webinar register page

Webinar banner
A Push-Pull Strategy to Manage Stable Flies

A Multi-Tactic Push-Pull Strategy for Controlling Stable Flies on Pasture Cattle in Nebraska and Florida

Stable flies are global pests of cattle and in the U.S. are estimated to cause economic losses of 2.2 B USD annually. Although early researchers designed and tested various stable fly trap designs relying on visual attraction to panels, cloths, or cylinders of various materials they have not been widely used. Instead, stable fly management has largely relied on insecticides in a few modes of action classes. Because of concerns about developing or potential development of insecticide resistance there is a need for alternative control products. This study investigated the use of a biopesticide with repellent and contact toxicity to stable flies as a push tactic coupled with stable fly traps that are visually and olfactorily attractive as a pull tactic. In two years of field testing, the Push-Pull strategy was compared to positive (permethrin) and negative (untreated) control treatments using a six-week, repeated measures design. We found that the Push-Pull treatment performed the same as the permethrin treatment when measured seasonally, by study weeks, and by days in a week and in all cases differed from the untreated control. Stable fly trap improvements have also been tested by varying attractant concentration, release methods, and placements. Results have been inconsistent and additional trap trials will be done in the 2021 fly season. The Push-Pull strategy offers cattle producers a low-impact, alternative to standard insecticides to control stable flies in large pasture systems common to the Great Plains and elsewhere.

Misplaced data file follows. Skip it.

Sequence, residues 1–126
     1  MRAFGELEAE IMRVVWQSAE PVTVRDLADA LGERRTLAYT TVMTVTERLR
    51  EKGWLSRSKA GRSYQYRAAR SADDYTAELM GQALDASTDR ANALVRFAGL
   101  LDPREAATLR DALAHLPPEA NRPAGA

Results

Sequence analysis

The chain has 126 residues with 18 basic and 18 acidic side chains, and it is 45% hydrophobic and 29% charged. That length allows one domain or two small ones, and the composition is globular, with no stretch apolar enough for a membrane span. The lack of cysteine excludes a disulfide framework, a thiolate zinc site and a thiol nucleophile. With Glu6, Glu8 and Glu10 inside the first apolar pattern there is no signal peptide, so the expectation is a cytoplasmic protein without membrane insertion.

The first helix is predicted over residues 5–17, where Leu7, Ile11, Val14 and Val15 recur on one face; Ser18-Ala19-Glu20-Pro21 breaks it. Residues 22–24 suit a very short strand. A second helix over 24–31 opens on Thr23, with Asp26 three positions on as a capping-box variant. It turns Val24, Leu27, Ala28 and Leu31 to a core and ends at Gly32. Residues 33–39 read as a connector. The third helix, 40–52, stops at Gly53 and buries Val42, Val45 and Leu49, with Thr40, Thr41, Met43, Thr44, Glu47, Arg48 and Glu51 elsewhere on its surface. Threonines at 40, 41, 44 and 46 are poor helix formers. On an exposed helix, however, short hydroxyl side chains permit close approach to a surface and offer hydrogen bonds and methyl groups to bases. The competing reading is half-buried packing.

May 19, 2021 12:30 PM in Central Time (US and Canada)

Webinar logo
* Required information

By registering, I agree to the Privacy Statement and Terms of Service.



Gary Brewer
Professor of Insect Pest Management @University of Nebraska
Dr. Gary Brewer is a professor of insect management at the University of Nebraska-Lincoln. He is currently involved in several projects, including evaluation of biopesticides and new IPM tactics and strategies; sunflower IPM with goals of reducing input costs and improving yield through trap copping and bee conservation; conservation biology with efforts to rear and reintroduce the Salt Creek tiger beetle; and IPM of flies on pasture cattle in central Nebraska. Dr. Brewer has 22 years experience as department head or chair (North Dakota State University and University of Nebraska-Lincoln). Throughout his career, Dr. Brewer has published 49 peer reviewed papers, co-authored 6 books/chapters, has been a PI or collaborator on 68 funded grants, and has taught 12 courses.